This Iowa Town Is Building An Open Access Fiber Broadband Network. Google Fiber Is Its First Customer
from the open-access-ftw dept
West Des Moines, Iowa this week announced that it would be building a massive, open access fiber network. The city is one of roughly 750 towns and cities that, frustrated by high prices, limited competition, and patchy availability of US broadband, have decided to instead build their own networks. Well, assuming that AT&T and Comcast haven’t bribed your state officials to pass laws banning such efforts yet.
West Des Moines’ new network will be funded by taxable General Obligation bonds with low interest rates. It’s too early to note what kind of speeds and prices will be on offer, but the city’s announcement indicates that Google Fiber will be one of its first customers:
“We couldn?t be more pleased to work with an outstanding company like Google Fiber to help make this happen,? Gaer said. ?Now more than ever, reliable high-speed internet is critical. It?s amazing that in just four years, West Des Moines is well on its way to achieving the WDM 2036 Plan goal of finding an innovative way to provide access to broadband for all our residents and businesses.”
It’s semi-ironic given that before Google Fiber launched, Google insisted its own network would be open access — before immediately conducting a 180 on the decision. According to the Des Moines Register, Google Fiber would pay the city $2.25 per month for each household that connects to the network, up to a maximum of $4.5 million over 20 years. Construction of the network begins this fall, and is estimated to last around two and a half years. When completed, West Des Moines will have better broadband than many tech-centric areas like Seattle or Silicon Valley.
In 2009, the FCC funded a Harvard study that concluded (pdf) that open access broadband networks (letting multiple ISPs come in and compete over a central, core network) resulted in lower broadband prices and better service. Of course when the FCC released its flimsy, politically timid “National Broadband Plan” back in 2010, this realization (not to mention an honest accounting of the sector’s limited competition) was nowhere to be found.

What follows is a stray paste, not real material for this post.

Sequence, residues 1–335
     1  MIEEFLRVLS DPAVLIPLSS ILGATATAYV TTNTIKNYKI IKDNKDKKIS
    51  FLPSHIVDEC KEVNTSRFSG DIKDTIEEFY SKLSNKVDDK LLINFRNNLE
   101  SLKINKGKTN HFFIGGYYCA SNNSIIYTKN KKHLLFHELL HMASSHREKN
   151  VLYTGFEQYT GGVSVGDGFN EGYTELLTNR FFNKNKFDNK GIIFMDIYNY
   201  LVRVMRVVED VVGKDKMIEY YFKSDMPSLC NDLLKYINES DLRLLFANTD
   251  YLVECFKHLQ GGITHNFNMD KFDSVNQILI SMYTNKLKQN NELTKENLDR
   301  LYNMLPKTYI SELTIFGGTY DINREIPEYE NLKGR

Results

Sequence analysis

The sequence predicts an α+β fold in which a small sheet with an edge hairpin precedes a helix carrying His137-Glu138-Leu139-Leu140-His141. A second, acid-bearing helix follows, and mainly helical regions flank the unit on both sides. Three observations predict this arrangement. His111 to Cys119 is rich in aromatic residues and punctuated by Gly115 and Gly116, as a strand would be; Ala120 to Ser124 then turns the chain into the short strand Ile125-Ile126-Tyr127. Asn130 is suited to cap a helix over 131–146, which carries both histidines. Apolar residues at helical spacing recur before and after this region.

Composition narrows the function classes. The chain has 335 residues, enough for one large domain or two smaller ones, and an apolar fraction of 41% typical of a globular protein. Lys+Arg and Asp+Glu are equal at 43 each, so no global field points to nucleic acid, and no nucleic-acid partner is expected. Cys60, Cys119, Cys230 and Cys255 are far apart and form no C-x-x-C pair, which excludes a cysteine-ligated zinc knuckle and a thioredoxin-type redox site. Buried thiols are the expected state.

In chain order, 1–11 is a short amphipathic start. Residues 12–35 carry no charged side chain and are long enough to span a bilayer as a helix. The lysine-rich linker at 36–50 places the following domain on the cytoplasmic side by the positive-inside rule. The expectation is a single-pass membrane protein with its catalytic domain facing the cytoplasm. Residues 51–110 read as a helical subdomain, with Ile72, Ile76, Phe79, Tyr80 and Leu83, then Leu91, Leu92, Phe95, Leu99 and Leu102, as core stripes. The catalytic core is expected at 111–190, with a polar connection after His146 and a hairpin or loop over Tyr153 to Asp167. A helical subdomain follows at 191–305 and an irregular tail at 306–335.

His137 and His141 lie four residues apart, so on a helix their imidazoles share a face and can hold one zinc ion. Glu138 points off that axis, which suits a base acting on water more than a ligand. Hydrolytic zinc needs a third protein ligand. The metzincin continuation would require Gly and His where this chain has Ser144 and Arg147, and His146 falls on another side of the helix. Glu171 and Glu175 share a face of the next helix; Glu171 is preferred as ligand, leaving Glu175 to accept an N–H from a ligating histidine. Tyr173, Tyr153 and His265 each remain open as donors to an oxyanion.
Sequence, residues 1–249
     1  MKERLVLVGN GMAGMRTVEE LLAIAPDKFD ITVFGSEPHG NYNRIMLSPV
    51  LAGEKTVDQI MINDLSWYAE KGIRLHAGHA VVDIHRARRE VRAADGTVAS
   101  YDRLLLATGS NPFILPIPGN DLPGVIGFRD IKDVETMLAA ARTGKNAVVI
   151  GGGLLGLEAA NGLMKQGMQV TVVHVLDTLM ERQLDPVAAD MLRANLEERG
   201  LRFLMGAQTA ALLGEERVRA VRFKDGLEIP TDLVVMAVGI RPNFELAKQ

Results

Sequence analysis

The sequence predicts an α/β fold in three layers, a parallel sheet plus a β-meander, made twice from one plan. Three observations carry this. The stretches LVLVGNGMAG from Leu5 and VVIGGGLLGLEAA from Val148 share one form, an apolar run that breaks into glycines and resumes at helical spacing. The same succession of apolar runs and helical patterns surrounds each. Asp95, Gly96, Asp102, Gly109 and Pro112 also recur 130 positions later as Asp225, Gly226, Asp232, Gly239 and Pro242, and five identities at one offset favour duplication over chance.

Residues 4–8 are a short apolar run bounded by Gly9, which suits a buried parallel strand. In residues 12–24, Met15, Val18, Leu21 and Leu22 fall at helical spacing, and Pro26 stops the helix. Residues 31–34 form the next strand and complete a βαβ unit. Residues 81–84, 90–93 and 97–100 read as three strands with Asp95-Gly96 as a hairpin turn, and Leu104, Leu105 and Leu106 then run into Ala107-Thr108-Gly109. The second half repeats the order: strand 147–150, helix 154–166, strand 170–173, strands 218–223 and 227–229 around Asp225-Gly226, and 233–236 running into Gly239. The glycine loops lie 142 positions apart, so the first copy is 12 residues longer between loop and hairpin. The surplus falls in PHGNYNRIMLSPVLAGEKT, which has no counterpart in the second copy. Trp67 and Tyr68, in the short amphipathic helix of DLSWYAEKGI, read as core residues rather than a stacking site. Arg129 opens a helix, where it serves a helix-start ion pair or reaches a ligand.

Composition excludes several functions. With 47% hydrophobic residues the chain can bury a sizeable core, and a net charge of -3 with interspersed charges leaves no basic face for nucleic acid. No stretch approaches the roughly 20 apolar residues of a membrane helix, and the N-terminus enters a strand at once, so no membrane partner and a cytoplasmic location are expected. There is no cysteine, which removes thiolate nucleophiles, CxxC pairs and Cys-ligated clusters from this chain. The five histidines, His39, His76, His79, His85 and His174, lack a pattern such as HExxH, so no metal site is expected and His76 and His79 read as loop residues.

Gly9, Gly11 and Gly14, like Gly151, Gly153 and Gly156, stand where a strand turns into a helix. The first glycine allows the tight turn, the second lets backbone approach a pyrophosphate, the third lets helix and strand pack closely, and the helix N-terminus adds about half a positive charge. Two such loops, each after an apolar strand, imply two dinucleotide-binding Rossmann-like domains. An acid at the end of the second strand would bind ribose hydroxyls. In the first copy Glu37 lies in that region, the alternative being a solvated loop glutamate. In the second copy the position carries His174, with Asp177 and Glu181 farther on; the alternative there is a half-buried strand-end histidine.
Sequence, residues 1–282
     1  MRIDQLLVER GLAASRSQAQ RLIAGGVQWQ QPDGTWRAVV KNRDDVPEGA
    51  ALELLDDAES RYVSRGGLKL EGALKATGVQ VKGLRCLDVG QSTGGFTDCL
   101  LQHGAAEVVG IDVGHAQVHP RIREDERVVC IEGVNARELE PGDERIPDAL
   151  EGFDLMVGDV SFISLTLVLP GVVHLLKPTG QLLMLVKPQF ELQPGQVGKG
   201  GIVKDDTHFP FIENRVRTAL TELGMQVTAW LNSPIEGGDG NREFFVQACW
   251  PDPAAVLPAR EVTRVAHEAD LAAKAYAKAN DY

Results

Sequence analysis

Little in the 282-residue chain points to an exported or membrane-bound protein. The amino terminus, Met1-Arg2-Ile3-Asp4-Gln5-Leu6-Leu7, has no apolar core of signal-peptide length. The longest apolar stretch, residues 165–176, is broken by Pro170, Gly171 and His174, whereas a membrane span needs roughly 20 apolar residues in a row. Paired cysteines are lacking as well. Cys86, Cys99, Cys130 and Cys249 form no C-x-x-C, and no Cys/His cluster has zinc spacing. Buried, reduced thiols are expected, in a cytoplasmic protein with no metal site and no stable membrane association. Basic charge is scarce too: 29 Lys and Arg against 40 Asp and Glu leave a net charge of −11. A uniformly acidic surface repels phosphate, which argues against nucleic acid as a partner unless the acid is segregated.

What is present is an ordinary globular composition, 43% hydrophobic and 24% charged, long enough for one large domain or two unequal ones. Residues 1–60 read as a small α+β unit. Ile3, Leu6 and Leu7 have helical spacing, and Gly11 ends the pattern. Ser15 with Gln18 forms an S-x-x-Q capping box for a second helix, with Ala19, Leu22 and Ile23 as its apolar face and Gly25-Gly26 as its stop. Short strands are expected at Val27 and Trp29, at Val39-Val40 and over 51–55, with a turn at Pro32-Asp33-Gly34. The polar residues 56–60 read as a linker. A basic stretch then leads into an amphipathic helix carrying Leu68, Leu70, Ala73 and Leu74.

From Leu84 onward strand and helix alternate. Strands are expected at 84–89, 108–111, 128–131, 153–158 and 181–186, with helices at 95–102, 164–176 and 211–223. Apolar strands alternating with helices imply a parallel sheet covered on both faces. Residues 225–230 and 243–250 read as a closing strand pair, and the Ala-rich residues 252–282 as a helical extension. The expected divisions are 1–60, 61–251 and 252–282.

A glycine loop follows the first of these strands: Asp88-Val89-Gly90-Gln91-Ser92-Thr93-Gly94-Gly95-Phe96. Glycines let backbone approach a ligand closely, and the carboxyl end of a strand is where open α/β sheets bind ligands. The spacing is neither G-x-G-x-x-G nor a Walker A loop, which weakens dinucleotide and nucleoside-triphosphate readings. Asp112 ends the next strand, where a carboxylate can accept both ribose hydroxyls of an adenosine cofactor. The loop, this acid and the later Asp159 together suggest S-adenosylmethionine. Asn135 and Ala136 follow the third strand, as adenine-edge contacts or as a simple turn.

Such networks have driven notable broadband success in countries like Sweden. But here in America, both US political parties, awash in campaign cash from Comcast, AT&T, Verizon, and others, have spent decades ignoring this data to instead embrace a singular telecom policy: kissing AT&T, Verizon, and Comcast’s collective ass. The result: the US remains mediocre in nearly every broadband metric that matters, and probably spends more time and resources denying this factual reality than actually addressing the problem.
Community broadband isn’t some one size fits all panacea. But such options are a helpful niche solution that not only result in better connectivity, but drive incumbents to try a little bit harder, an alien concept in a country where regulatory capture and a lack of competition have been the norm for the better part of thirty years.
Instead of acknowledging this reality, telecom incumbents like AT&T, and the think tankers, lobbyists, regulators, lawmakers, consultants, and academics paid to love them, have spent years attempting to demonize community broadband, insisting such efforts are a guaranteed taxpayer boondoggle, an ominous threat to free speech, and a long list of other bullshit claims. Many of these same folks can’t even acknowledge that US broadband isn’t competitive, and most love ignoring the fact that these towns and cities wouldn’t be considering the option if the private sector hadn’t failed them, repeatedly.
There remains a rather singular solution to incumbent ISPs and their dollar per holler allies who falsely deem such efforts to be wasteful or unfair: start offering better, faster, cheaper service. If you’re unwilling to do that, get the fuck out of the way.